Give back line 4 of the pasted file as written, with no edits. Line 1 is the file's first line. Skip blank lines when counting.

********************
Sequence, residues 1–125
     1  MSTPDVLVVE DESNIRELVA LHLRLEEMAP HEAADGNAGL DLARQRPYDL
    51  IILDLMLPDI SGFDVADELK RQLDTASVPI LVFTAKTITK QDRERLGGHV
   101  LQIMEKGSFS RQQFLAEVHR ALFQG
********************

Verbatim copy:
   101  LQIMEKGSFS RQQFLAEVHR ALFQG